Here's the simple math. $4.53 billion into 1.5 million employees means that we've only given these people an additional $3,020 into their gross (that means pre-tax for you entitled folk) yearly earnings. Since the pro-regressive argument goes that it 'should be' a 'livable wage' (we'll get to the consequences of a raise to $15/hr soon enough, trust me) -- they should consider this their full-time job to live decently off of. Full-time means 40 hours per week for 52 weeks, which brings us to a massive raise of -- drum-roll, please...

... an additional $1.45/hr, bringing their new wage to $10.45/hr! Social justice secured! 

Understand -- when a company makes profits, those profits don't suddenly all go into the pockets of executives. Most of that money is either, 

a) tucked away into savings for a rainy day of bad performance so they can still pay their bills and continue employing 1.9 million people, 
b) to expand the scope of their operations by opening more locations to bring more jobs to more workers and more food to more consumers at low prices, 
c) to invest in existing infrastructure to improve working conditions and/or quality of the food and/or the experience for the customer, 
d) pay out into shareholders of various ages and classes (oftentimes including the employees themselves if they opt for 401k plans, IRA accounts for retirees, et al), or
e) some combination of these.

In the end, these profits are needed to sustain and/or expand the company -- not for some nefarious, oppressive, exploitative purpose, whatever pro-regressives dogmatically believe is considered so by attaining profits. 

So what does this all ultimately mean? What about the demand for a so-called 'livable wage' of $15/hr if wiping out their current profits only means achieving an average wage of $10.45/hr?

If, let's say, McDonald's ever caved into these destructive, economically ignorant demands (hint: they won't) and gave these employees a raise from $9/hr to $15/hr -- for a conservatively estimated 1.5 million 'line level' employees, they would need to absorb $18.72 BILLION in additional costs. We're talking a necessary revenue increase of 73.7% -- revenues they've never achieved and likely won't for many, many years into the future where other costs will continue to grow as well. If they had to suddenly absorb these costs, without a change to their prices, and with last years' performance, they would be operating at a yearly loss of OVER $14 BILLION. Not only does that mean that they would not be able to expand and add more locations and thus hire more employees around the world, but they would absolutely go out of business. To shore up revenues an additional $18.72 billion to both maintain $15/hr line-level workers as well as achieve $4.53 billion in profit to continue business as usual, they would have to raise prices significantly and somehow manage, with said prices, in the face of serious competition, to achieve the same amount of demand for their food. No one in their right mind would put up with the massive price hikes necessary to generate $18.72 billion in additional revenue for their existing setup, and I'm even less convinced that $15/hr 'just because' workers are suddenly 67% more productive than their $9/hr former selves (which still assumes their locations would get the requisite over 67% uptick in demand).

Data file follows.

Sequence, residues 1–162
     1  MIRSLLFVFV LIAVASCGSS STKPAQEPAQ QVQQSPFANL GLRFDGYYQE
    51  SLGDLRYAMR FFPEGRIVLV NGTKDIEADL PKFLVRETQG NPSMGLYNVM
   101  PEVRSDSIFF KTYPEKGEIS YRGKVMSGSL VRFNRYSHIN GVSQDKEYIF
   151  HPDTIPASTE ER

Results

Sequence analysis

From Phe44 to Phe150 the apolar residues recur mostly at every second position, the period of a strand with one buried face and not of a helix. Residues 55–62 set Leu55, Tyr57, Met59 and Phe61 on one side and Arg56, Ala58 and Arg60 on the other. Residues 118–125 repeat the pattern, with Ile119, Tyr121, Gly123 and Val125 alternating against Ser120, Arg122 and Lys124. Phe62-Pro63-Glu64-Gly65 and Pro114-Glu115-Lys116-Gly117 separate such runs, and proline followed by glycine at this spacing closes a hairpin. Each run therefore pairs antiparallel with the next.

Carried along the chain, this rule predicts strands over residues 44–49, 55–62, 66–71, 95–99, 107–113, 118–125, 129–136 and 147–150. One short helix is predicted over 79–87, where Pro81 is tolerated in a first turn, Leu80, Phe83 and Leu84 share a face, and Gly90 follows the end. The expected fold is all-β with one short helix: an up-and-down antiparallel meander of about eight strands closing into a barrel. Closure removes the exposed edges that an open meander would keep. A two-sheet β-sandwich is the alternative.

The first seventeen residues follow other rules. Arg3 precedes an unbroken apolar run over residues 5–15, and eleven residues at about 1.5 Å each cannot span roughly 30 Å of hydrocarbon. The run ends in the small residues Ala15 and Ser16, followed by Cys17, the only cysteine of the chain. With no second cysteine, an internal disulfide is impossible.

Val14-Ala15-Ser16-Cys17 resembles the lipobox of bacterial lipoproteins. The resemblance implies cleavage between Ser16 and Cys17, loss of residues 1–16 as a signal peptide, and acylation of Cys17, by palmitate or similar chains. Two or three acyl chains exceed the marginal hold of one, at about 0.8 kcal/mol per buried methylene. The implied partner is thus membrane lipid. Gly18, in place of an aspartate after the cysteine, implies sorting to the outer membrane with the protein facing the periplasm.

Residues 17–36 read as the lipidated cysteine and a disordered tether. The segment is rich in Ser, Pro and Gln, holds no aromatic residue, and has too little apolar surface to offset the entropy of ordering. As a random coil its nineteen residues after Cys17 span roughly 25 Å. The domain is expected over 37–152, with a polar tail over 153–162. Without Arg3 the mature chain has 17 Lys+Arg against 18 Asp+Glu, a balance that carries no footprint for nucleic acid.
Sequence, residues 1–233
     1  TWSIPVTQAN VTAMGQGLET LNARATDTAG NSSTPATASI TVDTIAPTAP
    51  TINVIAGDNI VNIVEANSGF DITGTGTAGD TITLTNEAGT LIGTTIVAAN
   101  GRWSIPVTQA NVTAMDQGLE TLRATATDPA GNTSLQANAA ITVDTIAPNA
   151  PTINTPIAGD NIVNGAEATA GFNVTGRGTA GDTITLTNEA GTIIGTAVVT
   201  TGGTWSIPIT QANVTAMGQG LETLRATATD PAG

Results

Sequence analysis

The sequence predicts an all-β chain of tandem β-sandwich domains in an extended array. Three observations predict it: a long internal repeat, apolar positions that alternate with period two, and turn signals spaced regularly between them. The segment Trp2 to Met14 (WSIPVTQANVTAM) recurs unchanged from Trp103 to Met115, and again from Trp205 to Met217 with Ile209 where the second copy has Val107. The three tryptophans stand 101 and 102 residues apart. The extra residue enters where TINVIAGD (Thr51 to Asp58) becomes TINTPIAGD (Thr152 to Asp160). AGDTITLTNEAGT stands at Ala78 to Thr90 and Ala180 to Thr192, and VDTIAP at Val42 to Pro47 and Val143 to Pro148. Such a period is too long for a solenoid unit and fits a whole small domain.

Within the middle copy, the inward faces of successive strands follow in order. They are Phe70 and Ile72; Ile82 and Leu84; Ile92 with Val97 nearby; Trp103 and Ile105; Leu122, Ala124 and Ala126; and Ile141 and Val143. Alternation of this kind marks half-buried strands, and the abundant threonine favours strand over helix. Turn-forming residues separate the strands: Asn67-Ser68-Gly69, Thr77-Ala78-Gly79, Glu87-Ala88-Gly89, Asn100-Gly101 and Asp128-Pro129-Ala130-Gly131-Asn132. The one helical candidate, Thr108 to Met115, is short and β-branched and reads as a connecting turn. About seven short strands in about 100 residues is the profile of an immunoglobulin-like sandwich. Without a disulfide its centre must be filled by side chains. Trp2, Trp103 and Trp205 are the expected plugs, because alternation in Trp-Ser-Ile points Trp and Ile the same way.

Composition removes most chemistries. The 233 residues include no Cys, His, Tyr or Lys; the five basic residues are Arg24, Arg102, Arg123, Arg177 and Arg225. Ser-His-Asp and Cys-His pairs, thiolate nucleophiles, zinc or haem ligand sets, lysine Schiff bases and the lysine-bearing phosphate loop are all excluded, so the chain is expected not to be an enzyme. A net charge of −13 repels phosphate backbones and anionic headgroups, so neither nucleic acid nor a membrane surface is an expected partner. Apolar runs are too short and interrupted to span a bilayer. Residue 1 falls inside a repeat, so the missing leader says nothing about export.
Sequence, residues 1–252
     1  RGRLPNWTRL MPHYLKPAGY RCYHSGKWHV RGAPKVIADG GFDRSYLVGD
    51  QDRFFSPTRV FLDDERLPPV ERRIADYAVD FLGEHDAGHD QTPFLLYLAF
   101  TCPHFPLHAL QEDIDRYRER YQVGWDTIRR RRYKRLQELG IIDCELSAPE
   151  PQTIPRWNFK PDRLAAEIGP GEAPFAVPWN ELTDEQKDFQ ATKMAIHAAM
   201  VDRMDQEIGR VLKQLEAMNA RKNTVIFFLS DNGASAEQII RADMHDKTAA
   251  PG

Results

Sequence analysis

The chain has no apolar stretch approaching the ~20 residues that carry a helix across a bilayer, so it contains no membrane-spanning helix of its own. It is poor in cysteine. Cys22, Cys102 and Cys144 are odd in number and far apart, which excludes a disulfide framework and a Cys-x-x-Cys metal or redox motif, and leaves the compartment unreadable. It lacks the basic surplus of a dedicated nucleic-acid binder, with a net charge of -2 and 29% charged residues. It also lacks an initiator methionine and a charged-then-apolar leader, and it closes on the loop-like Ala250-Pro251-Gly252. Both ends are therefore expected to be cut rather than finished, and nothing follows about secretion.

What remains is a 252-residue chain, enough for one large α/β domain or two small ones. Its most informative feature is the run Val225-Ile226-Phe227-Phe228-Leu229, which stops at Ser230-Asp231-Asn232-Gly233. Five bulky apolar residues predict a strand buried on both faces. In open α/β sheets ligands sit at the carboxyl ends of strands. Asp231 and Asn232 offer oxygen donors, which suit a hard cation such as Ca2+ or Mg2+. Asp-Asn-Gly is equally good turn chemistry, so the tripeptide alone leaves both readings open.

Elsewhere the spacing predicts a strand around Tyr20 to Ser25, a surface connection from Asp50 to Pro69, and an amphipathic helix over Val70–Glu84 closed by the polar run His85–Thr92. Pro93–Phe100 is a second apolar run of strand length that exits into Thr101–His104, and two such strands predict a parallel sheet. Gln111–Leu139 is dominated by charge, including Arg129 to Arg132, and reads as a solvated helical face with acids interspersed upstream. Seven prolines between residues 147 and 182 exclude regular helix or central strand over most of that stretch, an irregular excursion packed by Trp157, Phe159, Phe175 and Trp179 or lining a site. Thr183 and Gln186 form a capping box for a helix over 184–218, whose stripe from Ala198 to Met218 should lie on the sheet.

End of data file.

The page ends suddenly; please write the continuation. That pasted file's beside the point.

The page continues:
That's bad for everyone, all around. That means 1.9 million people out of work, and a more concentrated market share into the remaining big fast food companies. It also means less competition for both customers and employees, which translates into higher prices for customers and less negotiating power for employees at the remaining fast food companies. Less leverage for employees and less leverage for customers means everyone loses, everywhere.

Oh, and I'm not even done, yet. Believe it or not -- you thought $18.72 billion in additional costs is rough? That was actually another super-nice, extraordinarily conservative estimate, as it doesn't include significant additional costs needed for each and every employee due to the higher rate. I'm talking about Workers Compensation, Unemployment Benefits, and Tax Liabilities -- all of which are a heavy burden placed upon businesses both large and small that are charged as rates according total wages earned, risk of injury or unemployment, and other factors. These additional expenses would effectively grow by about 67%, putting another nail into the coffin of the $15/hr minimum wage.

They say that the road to hell is paved with good intentions, but I don't think this analogy is entirely accurate with pro-regressives. The pro-regressive road to hell is paved with a hack-job, fly-by-night, scummy operation built on willful economic ignorance and dogmatic ideology -- and it uses the livelihood and dreams of the poor as the asphalt.